As the COVID-19 pandemic continues to spread, students who hold jobs in retail, business, food and other places have been affected significantly. With many stores, businesses and restaurants closing due to safety concerns, some have been laid off, while others are working more hours than average.
While Florida Gov. Ron DeSantis has ordered the majority of retail businesses to remain closed until April 30, he has allowed “essential businesses” including grocery stores, pharmacies, convenience stores and take-out restaurants to remain open.
Students working at grocery stores are especially impacted, with many people rushing to get perishables and other household items, often leaving empty shelves. Publix cashier Ethan Rebec (11) remains employed because people still need to buy food.
“My friends and family are worried about my exposure since I work at a high-traffic place,” Rebec said. “I am not allowed to see my grandparents, which is difficult.”
Despite feeling that his health could be compromised, Rebec said Publix is going to great lengths to keep customers safe, including implementing new safety and sanitation measures along with making frequent announcements reminding shoppers maintain their social distance.
“In addition, we have blues lines on the floor to help people stay six feet apart and have someone directing people at checkout to help them stay distant from each other,” he said. “Employees are [also] allowed to wear gloves and facial covers and the registers have a plexiglass shield.”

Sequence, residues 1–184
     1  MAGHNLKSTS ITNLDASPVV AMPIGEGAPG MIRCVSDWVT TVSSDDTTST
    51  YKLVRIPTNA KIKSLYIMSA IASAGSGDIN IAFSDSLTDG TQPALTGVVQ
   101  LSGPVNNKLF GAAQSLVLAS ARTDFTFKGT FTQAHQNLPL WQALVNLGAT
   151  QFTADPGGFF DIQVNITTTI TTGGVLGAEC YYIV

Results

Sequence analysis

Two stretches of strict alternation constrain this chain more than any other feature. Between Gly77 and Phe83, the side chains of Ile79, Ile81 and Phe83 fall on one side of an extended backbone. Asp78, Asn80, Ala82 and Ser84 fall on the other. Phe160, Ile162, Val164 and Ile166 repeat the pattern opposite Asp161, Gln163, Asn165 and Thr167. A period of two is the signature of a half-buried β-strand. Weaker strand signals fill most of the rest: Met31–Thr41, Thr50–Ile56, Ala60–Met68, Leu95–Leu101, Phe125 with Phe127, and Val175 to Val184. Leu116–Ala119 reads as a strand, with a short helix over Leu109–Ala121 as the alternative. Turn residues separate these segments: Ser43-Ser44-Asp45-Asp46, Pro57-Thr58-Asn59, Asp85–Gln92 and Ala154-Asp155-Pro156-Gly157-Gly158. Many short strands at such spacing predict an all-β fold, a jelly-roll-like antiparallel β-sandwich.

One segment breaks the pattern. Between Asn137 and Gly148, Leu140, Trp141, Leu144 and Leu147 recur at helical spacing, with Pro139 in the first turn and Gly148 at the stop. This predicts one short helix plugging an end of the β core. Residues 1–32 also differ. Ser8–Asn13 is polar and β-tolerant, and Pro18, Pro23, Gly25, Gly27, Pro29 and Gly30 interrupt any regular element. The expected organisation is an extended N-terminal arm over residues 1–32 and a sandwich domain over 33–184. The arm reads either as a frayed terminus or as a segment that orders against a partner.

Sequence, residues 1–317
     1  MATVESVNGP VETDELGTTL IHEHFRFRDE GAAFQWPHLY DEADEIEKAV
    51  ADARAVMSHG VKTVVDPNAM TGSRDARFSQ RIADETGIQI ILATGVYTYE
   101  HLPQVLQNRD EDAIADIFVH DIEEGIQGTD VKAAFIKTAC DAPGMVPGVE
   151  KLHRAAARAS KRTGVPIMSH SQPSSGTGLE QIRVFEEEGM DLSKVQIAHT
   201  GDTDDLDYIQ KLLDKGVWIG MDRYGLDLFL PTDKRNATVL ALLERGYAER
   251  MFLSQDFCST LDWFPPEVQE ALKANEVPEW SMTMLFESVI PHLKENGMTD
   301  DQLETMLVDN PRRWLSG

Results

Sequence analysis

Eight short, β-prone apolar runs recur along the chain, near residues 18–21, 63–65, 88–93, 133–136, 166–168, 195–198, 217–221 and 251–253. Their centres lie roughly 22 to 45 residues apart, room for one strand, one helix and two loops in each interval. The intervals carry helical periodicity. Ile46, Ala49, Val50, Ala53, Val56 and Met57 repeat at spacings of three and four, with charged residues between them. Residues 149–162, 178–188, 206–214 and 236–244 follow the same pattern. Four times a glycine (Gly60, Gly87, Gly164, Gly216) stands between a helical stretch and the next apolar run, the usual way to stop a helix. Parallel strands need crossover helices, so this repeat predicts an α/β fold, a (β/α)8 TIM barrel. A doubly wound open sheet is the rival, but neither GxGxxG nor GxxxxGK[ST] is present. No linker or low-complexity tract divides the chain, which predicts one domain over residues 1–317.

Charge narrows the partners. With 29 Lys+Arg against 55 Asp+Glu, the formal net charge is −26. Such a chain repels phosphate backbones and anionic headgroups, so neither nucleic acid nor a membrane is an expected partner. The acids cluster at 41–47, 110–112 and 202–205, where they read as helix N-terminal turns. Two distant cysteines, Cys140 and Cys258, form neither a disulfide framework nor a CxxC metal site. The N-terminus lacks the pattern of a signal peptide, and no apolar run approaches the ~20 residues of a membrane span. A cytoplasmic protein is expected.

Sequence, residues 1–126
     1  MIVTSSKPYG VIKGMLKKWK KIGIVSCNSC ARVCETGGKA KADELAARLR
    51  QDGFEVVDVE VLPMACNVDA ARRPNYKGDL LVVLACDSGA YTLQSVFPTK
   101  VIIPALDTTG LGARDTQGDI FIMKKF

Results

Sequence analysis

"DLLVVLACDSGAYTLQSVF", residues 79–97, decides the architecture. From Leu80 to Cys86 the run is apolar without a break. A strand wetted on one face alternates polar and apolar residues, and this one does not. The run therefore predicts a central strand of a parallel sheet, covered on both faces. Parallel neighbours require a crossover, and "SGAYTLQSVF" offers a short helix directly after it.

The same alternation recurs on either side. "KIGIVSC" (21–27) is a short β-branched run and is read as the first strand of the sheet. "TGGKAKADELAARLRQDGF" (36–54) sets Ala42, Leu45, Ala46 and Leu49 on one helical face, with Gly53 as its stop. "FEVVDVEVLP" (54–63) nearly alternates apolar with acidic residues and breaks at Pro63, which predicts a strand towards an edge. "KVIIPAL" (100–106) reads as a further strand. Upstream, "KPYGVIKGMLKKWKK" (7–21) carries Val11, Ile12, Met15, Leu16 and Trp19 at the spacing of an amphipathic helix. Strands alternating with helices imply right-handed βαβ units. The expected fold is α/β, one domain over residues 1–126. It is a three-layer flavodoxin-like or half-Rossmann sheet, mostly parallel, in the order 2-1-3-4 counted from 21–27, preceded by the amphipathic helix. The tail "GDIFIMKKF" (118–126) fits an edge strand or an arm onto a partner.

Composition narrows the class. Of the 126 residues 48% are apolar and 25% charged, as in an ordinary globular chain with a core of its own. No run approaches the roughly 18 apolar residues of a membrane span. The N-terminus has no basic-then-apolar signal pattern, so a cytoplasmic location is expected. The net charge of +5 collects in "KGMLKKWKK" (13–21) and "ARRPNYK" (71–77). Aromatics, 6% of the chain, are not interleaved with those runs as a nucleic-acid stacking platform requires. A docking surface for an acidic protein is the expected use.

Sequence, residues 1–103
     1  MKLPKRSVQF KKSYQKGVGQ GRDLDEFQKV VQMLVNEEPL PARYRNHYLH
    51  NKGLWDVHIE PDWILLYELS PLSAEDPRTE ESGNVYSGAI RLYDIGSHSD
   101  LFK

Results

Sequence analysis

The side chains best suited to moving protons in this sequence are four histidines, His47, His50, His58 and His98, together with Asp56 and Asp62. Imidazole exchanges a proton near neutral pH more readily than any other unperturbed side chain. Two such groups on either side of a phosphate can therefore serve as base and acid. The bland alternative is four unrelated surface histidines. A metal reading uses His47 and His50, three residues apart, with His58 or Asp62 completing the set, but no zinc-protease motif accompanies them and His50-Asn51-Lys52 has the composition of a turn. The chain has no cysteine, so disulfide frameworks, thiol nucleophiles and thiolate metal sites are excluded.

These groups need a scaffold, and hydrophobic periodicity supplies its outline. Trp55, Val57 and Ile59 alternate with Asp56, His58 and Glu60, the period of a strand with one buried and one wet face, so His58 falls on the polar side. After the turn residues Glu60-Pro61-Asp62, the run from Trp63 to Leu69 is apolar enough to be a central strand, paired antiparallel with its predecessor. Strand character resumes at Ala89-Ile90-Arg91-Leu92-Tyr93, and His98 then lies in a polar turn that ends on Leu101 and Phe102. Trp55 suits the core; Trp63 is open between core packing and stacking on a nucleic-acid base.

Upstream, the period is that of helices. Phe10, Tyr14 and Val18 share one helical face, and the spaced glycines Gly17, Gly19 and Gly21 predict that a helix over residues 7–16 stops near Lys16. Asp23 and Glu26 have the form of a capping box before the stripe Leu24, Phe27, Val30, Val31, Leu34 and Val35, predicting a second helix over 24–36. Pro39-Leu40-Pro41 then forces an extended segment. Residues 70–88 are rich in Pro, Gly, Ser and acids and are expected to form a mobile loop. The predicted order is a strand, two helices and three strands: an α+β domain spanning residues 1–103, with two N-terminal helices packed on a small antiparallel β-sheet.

Rebec said grocery shopping looks different these days.
“The integration with customers has probably been the biggest change,” he said. “It’s really creepy to see everyone wear masks and gloves. There are [also] not as many positive conversations taking place, which is very unusual at Publix.”
Andrew Catti (11), who works at Genna Pizza in North Melbourne, said business has increased significantly, with many more takeout and delivery orders compared to other restaurants that have since closed.
“Many more people have become much more generous by giving us money as tips,” Catti said. “With tips alone I am making double now than I was before COVID-19 was a thing.”
Still, Catti said hes misses his normal work routine.
“Coronavirus has made me stop waiting tables which I loved to do because it’s calm and I get to hangout with the tables,” he said. “Now I am working on phones and it is much more hectic and busy. It’s a very stressful job trying to make sure every order is perfect for the customers.”
Other restaurants have been harder hit. Madison Newcombe (12) has been laid off from her job at Longboard House in Indialantic because of the pandemic.
“We lost a lot of business while we were open,” she said. “Now we’re closed because we’re not an essential business.”
Newcombe said closing the restaurant makes sense.
“Because it’s a little beachside shop, we get a lot of older people coming in which made me nervous because of the virus,” she said. “It’s definitely good that we closed because we were getting a bunch of older people who were tired of not talking to anyone coming [in] and talking to us for a really long time. [They would] maybe buy one little thing just to get them out of the house.”
But that doesn’t mean Newcombe is happy being out of work.
“The reason I had a job was mostly to be saving for college,” she said. “It definitely sucks to not be able to do that anymore.”